U of I Extension's YouTube Channel Helps Gardeners Plan for 2012
This article was originally published on March 8, 2012 and expired on June 30, 2012. It is provided here for archival purposes and may contain dated information.
It was a mild winter and
Illinois gardeners are counting the days until they can get back outside and
start digging in the soil.
In the meantime, many are
getting ready for spring with the help of University of Illinois Extension's
YouTube channel, http://www.youtube.com/uiextension.
The channel offers more than 230 U of I Extension videos covering all aspects
of gardening in the Midwest — from pruning shrubs to creating a water
garden, and everything in between.
"When it comes to something
like late-winter pruning, there's just no substitute for seeing a demonstration
up close," said Jane Scherer, urban programs specialist with U of I
Extension and creator of the YouTube channel.
"YouTube gives us a chance
to reach gardeners on their schedule, at their convenience. With a smartphone,
you can actually watch one of our pruning demonstrations when you're out in the
yard and looking at the tree or shrub you want to work on. When you can see how
the experts prune branches, and then immediately replicate what they did on
your own landscape plants, you're much more likely to do it right."
At this time of year, U of I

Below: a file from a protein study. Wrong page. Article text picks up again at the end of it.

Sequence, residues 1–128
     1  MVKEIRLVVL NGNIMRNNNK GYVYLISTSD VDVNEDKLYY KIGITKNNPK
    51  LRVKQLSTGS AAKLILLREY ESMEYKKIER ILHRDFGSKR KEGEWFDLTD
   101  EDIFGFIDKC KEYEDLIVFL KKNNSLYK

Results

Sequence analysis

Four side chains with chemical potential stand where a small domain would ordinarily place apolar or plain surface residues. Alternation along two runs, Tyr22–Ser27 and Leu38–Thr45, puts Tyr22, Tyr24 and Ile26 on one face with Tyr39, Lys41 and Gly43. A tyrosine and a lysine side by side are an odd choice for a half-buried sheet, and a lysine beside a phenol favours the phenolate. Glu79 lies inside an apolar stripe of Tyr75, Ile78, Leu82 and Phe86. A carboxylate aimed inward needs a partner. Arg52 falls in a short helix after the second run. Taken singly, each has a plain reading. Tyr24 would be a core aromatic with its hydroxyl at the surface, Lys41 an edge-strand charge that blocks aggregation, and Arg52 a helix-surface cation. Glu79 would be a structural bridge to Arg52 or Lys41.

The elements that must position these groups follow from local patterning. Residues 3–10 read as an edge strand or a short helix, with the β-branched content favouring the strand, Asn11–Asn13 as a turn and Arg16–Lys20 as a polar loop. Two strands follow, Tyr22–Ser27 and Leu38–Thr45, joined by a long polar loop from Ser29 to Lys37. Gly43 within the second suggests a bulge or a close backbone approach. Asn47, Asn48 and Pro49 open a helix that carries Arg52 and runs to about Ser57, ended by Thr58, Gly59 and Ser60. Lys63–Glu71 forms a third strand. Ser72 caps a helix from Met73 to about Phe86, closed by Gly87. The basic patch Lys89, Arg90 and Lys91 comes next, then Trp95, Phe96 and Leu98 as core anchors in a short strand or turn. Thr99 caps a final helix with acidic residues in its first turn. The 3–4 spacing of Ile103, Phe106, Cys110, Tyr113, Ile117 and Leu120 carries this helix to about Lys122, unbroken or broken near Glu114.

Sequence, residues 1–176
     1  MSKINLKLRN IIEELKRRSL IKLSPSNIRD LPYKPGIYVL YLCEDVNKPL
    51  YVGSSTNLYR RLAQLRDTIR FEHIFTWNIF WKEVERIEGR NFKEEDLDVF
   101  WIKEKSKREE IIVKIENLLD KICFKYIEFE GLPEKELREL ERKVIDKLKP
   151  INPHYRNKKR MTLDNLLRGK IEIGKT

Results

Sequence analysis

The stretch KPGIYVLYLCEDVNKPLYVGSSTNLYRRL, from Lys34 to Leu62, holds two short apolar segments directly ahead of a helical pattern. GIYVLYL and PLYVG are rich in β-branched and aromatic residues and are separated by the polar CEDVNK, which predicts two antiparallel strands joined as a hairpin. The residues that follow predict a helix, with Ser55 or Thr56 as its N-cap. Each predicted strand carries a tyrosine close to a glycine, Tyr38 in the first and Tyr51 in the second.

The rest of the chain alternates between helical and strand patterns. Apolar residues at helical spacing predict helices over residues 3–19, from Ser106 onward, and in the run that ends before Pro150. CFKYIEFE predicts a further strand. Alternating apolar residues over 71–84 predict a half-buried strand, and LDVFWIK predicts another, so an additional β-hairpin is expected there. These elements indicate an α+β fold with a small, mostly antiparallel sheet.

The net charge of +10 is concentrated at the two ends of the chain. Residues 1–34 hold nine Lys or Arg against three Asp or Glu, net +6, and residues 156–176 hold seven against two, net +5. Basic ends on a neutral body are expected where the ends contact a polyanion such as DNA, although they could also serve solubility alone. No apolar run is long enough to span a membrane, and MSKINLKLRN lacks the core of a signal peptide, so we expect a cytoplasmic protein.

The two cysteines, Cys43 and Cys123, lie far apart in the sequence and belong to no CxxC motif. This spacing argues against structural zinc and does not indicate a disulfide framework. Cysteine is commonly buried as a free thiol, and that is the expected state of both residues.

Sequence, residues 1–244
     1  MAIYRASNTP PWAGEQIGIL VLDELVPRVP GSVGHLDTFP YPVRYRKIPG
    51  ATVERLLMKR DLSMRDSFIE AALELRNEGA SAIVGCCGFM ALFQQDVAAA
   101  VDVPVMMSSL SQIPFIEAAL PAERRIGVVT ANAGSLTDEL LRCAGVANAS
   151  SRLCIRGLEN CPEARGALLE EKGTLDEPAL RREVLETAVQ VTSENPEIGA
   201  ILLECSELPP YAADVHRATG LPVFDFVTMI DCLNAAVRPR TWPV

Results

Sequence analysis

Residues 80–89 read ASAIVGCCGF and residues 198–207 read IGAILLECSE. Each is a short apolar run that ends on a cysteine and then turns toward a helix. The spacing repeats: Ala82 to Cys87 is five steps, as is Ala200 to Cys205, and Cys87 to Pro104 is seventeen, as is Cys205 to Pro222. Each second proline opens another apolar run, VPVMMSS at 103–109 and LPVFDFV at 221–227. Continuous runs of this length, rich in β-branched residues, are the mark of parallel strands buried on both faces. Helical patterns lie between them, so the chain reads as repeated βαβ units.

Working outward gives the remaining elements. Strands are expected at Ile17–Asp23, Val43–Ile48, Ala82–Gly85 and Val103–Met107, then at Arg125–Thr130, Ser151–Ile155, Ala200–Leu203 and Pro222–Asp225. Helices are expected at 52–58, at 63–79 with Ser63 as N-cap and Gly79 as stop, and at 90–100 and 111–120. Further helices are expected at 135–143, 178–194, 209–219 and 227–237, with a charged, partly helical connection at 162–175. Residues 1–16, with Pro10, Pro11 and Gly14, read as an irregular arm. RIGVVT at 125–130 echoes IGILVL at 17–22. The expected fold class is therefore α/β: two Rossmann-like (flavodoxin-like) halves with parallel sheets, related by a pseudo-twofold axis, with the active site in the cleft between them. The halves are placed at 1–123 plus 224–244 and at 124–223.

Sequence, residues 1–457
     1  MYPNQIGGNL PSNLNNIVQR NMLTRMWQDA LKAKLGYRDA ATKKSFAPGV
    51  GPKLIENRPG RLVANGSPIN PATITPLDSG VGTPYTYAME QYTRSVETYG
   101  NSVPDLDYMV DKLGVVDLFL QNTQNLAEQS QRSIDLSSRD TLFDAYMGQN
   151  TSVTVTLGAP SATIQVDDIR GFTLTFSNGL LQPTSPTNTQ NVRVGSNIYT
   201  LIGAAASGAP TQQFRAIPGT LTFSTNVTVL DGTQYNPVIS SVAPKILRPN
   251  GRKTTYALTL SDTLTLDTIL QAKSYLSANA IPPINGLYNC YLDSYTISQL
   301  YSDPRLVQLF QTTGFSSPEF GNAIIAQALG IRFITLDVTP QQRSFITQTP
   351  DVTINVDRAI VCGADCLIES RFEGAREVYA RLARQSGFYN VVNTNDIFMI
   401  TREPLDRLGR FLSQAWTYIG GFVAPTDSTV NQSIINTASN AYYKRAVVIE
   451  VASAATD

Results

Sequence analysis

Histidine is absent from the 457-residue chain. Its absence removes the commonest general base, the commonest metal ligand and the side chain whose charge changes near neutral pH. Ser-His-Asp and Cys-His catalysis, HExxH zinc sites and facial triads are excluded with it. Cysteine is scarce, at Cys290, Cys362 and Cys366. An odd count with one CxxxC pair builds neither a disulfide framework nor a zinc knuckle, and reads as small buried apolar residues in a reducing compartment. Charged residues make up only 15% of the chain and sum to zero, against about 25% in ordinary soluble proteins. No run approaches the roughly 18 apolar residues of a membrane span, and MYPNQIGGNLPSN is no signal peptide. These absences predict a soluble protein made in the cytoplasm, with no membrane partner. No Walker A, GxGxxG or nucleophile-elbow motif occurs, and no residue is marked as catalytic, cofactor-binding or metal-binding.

Extension's YouTube videos on houseplants and planning for the next growing
season are especially popular.
"Serious gardeners spend
the winter studying seed catalogs and sketching out their ideas for
spring," Scherer said. "We have videos on interpreting descriptions
in seed catalogs, planning gardens for 'difficult' spaces, butterfly gardening,
and results from our 2011 annual flower trial garden, among others."
The videos feature several U of
I Extension horticulture educators.
"During the past year,
we've posted more than 100 gardening-related videos, so there's always
something new to look at," Scherer said. "Gardeners can subscribe to
our YouTube channel feed, so they'll be notified when we've posted new videos.
"We can't make the cold
temps, ice and snow go away, but maybe our videos can help make the long winter
months a little more enjoyable and productive for people who just can't wait to
get back out in the garden."
Source: Jane Scherer, Extension Specialist, Web Coordination/Urban Programming, email@example.com
Pull date: June 30, 2012